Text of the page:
In some situations, it is actually more risky to travel in large groups, since they carry the risk of becoming a target of protestors, extremists and criminals, who often choose highly visible and largely attended events to maximize the impact of their message. In fact, according to the US Department of State’s Worldwide Caution issued on April 10, “Extremists may elect to…target both official and private interests. Examples of such targets include high-profile sporting events, residential areas, business offices, hotels, clubs, restaurants, places of worship, schools, public areas, shopping malls, and other tourist destinations both in the US and abroad where US citizens gather in large numbers, including during holidays.”
Another risk inherent in large group travel that many companies don’t consider is the mixed demographic of the group, especially as it pertains to comfort levels with international travel. “For example, junior employees may be leaving the country for the first time, and are more prone to taking risks,” notes Tom Davidson, VP of sales and marketing at On Call International. “It would be wise to assign them to a group containing more seasoned travelers. In this way, senior employees can help model and reinforce the importance of appropriate behavior for junior employees.”
On Call, headquartered in Salem, NH, provides medical evacuation and emergency assistance to travelers anywhere in the world.
Sports Lovers, Beware
As indicated by the US State Department warning, mass gatherings such as high profile international sporting events can become popular venues for those with anti-government agendas to air their grievances. The recent World Cup in Brazil, where over 2,000 activists took part in anti-World Cup protests, as well as the June 2013 FIFA Confederations Cup, when over a million people participated in demonstrations to protest government corruption and financial mismanagement, highlighted these concerns. Many of the protests turned violent and several resulted in fatalities.
Travelers in large groups at such events should also pay heed to the risk of being injured within such a confined, high-density crowd. Even what normally starts as a minor demonstration has the potential to spiral into violence and create dangerous conditions where injury – especially by trampling – can occur. Furthermore, protests can clog traffic arteries, making travel to and from hotels and airports a significant security concern.
Another risk factor in large group travel to international sporting events is the transmission of communicable disease, since large numbers of people are concentrated in one area and germs can spread quickly. For some travel managers, keeping track of multiple employees’ health concerns during the Olympic Games in Beijing was no minor task. With each employee possessing a unique set of pre-dispositions or pre-existing conditions, it was important to be able to find employees wherever they were, locate appropriate medical care if needed, and overcome linguistic and cultural barriers along the way.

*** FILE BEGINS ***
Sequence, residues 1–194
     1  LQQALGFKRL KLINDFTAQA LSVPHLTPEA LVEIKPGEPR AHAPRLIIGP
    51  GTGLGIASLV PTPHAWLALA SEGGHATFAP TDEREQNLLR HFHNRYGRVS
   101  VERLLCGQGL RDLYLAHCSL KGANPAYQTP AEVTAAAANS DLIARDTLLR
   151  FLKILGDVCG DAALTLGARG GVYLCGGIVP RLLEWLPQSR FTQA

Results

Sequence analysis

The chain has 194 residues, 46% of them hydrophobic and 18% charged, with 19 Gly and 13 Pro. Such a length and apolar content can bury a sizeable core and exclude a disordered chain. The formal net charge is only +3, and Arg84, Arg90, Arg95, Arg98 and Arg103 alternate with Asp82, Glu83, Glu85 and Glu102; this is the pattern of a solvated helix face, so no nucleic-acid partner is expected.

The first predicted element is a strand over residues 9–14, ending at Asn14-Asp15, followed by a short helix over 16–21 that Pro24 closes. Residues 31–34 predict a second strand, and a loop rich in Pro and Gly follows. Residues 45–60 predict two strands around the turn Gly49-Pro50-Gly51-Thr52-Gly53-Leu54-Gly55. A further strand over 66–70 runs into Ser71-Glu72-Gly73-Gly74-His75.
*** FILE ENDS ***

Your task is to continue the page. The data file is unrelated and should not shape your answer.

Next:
Additionally, protecting intellectual data was a concern that surfaced during the recent 2014 Winter Olympics in Sochi. With reports of cyber terrorism hitting the news, some travel managers were particularly worried about tracking their group’s proprietary information on a virtual level.
It’s a Duty of Care Thing
Fortunately, travel assistance and security providers offer a wide variety of services to help mitigate risks associated with large group travel, such as traveler tracking services. Other services are more sophisticated, such as having canine explosives detection teams, armed VIP protection or transportation and traffic management teams on the ground with your group.
No doubt, the provision of these kinds of services during large group travel is a duty of care issue. “Traveler tracking is an efficient way to keep track of employees in large groups and help meet duty of care,” says Charlie Terry, SVP of product management and product marketing at iJET International in Annapolis, MD. “It can be performed via an employee’s itinerary – that is, verifying the traveler is where he is supposed to be via air, train and hotel – or it can be done via mobile phone, wherein the traveler checks in manually by sending his or her latitude/longitude, often at frequent intervals. This type of tracking is often used in high Country Security Assessment Rating (CSAR) areas,” Terry explains.
Adequately preparing groups before they travel is another duty of care issue. This includes reviewing the threats inheent in the destination, especially if employees are unfamiliar with that location and do not understand security and cultural risks there. In order to effectively train travelers before departure, companies can perform desktop exercises to practice various scenarios such as a fire, bombing, evacuation or a medical emergency, including how to access third party medical and security assistance.